The revision in 2010 was primarily a clarification of intent on the part of ANSI. The three garment classes were to be based upon the wearer’s activities and determined by the total square inches of florescent background materials and the reflective materials. The addition of headwear to the list of items covered and the inclusion of logos were reviewed. Distinctions between woven and knitted background materials rounded out the revision.
Class I – Apparel for use in activities that permit the wearer’s full and undivided attention to approaching traffic. There is ample separation of workers from traffic. Example – parking lot attendants.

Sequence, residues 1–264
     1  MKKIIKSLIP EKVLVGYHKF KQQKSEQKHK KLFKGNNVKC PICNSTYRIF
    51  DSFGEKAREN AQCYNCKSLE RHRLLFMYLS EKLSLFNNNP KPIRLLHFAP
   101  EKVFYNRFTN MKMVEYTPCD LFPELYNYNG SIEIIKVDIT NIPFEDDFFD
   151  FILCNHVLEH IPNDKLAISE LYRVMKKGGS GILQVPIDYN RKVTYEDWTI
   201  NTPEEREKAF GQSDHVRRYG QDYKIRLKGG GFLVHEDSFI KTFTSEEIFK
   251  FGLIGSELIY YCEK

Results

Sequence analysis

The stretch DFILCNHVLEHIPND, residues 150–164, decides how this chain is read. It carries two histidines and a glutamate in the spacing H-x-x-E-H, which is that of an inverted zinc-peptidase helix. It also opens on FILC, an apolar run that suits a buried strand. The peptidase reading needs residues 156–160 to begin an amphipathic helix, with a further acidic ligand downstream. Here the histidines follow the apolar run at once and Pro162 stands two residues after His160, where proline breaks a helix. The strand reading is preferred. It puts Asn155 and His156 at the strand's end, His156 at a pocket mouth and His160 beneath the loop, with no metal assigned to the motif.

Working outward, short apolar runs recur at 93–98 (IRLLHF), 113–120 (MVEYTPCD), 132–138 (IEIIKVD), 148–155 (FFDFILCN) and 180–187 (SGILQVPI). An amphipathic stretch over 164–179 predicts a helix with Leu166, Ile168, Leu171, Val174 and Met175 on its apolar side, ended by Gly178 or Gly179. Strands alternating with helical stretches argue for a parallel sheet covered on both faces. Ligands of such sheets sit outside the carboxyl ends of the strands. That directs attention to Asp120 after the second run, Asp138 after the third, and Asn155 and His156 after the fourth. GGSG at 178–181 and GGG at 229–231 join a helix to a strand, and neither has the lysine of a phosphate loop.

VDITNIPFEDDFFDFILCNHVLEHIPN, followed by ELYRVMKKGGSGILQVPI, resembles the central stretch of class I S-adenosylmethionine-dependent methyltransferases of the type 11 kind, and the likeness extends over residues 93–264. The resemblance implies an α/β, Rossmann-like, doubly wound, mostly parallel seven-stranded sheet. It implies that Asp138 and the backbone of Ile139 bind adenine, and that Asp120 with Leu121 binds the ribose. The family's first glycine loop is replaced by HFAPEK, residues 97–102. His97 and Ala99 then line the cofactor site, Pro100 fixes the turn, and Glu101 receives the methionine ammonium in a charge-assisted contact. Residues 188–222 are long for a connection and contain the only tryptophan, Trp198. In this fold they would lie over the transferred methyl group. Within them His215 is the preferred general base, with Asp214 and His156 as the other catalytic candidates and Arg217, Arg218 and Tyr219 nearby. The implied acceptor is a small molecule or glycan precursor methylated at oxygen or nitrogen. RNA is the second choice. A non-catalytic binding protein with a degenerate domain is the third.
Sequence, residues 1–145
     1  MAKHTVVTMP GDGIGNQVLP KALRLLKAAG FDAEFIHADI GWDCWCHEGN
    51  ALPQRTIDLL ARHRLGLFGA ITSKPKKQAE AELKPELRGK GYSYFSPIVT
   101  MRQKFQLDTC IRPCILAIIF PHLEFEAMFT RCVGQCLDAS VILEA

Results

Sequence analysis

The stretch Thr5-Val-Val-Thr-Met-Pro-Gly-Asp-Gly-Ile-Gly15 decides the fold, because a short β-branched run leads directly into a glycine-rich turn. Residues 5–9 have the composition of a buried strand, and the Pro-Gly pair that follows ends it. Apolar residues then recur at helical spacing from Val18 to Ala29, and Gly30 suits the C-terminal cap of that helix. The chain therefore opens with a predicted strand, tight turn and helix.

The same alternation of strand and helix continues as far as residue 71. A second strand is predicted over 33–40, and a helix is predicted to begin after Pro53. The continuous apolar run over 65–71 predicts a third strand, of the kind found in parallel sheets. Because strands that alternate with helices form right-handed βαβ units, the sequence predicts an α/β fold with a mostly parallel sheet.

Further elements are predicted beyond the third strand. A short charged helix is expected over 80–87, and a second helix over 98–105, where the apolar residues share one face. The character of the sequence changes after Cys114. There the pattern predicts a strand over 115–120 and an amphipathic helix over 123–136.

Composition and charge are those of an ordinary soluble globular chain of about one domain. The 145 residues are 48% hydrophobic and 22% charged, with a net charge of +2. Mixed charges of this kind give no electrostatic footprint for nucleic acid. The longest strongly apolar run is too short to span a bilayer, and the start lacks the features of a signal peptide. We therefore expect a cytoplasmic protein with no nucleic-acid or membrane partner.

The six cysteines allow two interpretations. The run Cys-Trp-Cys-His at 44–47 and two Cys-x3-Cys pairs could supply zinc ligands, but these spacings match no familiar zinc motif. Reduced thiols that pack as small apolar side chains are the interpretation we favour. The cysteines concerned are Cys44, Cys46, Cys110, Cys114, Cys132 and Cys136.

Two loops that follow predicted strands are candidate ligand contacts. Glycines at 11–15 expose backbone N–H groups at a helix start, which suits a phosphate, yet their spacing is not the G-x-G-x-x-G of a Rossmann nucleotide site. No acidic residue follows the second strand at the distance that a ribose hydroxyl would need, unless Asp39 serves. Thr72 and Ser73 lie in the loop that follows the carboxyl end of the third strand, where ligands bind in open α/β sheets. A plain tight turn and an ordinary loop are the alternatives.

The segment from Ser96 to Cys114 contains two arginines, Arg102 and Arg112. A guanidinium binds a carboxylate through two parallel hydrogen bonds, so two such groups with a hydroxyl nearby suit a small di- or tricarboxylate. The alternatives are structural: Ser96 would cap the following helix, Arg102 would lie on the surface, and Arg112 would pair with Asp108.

Class II – Apparel for use in activities where greater visibility is necessary during inclement weather or in work environments higher risks. Workers who perform tasks that divert their attention from approaching traffic or those with proximity to passing vehicles require a minimum of Class II. Example: Railway worker.
Class III – Apparel for the highest level of visibility for workers facing serious hazards and/or high task loads that require attention away from their work. Garments cover more of the body, such as arms and legs to differentiate the worker from inanimate objects such as cones. Example: highway construction or flagger.